Can I redistribute the binary form of someone's LGPL code compiled with a proprietary compiler which is not included in the operating system?

LGPL 2.1 says:

For an executable, the required form of the "work that uses the Library" must include any data and utility programs needed for reproducing the executable from it. However, as a special exception, the materials to be distributed need not include anything that is normally distributed (in either source or binary form) with the major components (compiler, kernel, and so on) of the operating system on which the executable runs, unless that component itself accompanies the executable.

It may happen that this requirement contradicts the license restrictions of other proprietary libraries that do not normally accompany the operating system. Such a contradiction means you cannot use both them and the Library together in an executable that you distribute.

Do I have to redistribute the proprietary compiler, too? Of course, I don't have a permission to redistribute the proprietary compiler.

  • Hmm, good question. I'm sure people must do this all the time because something like Visual Studio cannot be redistributed, but neither does it come with the OS. Aug 14, 2016 at 0:25
  • Note that this clause is not part of the LGPL 3.0 license. Aug 14, 2016 at 0:28
  • I don't agree that LGPL3 doesn't have this clause. LGPL3 has a similar sentence "any data and utility programs needed for reproducing the Combined Work". But, GPL3 explicitly states "general-purpose tools" is not included in "Corresponding Source". I think the compiler is a "general-purpose tools". I agree I don't need to redistribute the proprietary compiler in LGPL3. Thank you.
    – fujii
    Aug 14, 2016 at 3:45

2 Answers 2


I asked FSF the same question. This is the FSF's answer:

Please see: http://www.gnu.org/licenses/gpl-faq.html#NonFreeTools

I hope this is of help.

I asked again:

For example, a proprietary UNIX includes a proprietary compiler. I can redistribute the executable of someone's LGPL program without redistributing the proprietary compiler because LGPL allows it as a 'special exception'. And, users can reproduce the executable with the proprietary compiler which is included in the OS. I think the FAQ mentions about this case.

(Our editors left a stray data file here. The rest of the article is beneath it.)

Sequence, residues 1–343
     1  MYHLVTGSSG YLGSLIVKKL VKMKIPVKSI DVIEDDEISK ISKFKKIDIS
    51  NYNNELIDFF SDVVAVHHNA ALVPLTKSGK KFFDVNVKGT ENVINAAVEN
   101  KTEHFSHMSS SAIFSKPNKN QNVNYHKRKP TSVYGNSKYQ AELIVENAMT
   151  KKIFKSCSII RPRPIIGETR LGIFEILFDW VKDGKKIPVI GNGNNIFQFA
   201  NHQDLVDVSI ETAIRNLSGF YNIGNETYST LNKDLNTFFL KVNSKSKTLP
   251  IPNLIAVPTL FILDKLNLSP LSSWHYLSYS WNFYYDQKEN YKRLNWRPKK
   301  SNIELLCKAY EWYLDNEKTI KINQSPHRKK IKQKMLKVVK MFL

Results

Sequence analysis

LGPL ensures users can reproduce a functionally same executable. But, for example, if no compiler is included in the operating system, users can't reproduce the executable. LGPL requests to redistribute any data and utility programs needed for reproducing the executable. Do I have to redistribute the proprietary compiler in this case?

FSF answered:

If the executable can be compiled with a different compiler, for instance one which is free software such as GCC, this shouldn't be an issue.


As curiousdannii notes in the comments, this restriction is not in LGPL3. If the project specifies "LGPL 2.1 or later", you can chose LGPL version 3 and avoid this clause entirely.

I don't think a compiler counts as "data and utility programs". The keyword there is "utility". A compiler is not something like a shell script or a build settings file, it is the core mechanism of software development.

Also, the FSF states in the GPL FAQ:

Does the GPL require me to provide source code that can be built to match the exact hash of the binary I am distributing?

Complete corresponding source means the source that the binaries were made from, but that does not imply your tools must be able to make a binary that is an exact hash of the binary you are distributing. In some cases it could be (nearly) impossible to build a binary from source with an exact hash of the binary being distributed — consider the following examples: a system might put timestamps in binaries; or the program might have been built against a different (even unreleased) compiler version.

The last clause is of special relevance to us. I think the spirit of the (L)GPL is that you must allow users to build an executable that produces the same behaviour and outputs to yours given the same inputs and states. With both this FAQ and the initial point in mind, I think you are in the clear.

But I am not sure of this answer. I would strongly advise that you write to the FSF and ask for their clarification.

  • This FAQ mentions about exactly same binary. This means users already have a old version of the compiler which is included in the operating system. What if no compiler is included in the operating system? User can't reproduce the executable.
    – fujii
    Aug 14, 2016 at 3:48
  • @fujii You're right about that, which is why I advise you contact the FSF or get a lawyer. I'm hoping someone else will answer with a better interpretation than mine.
    – EMBLEM
    Aug 14, 2016 at 4:10

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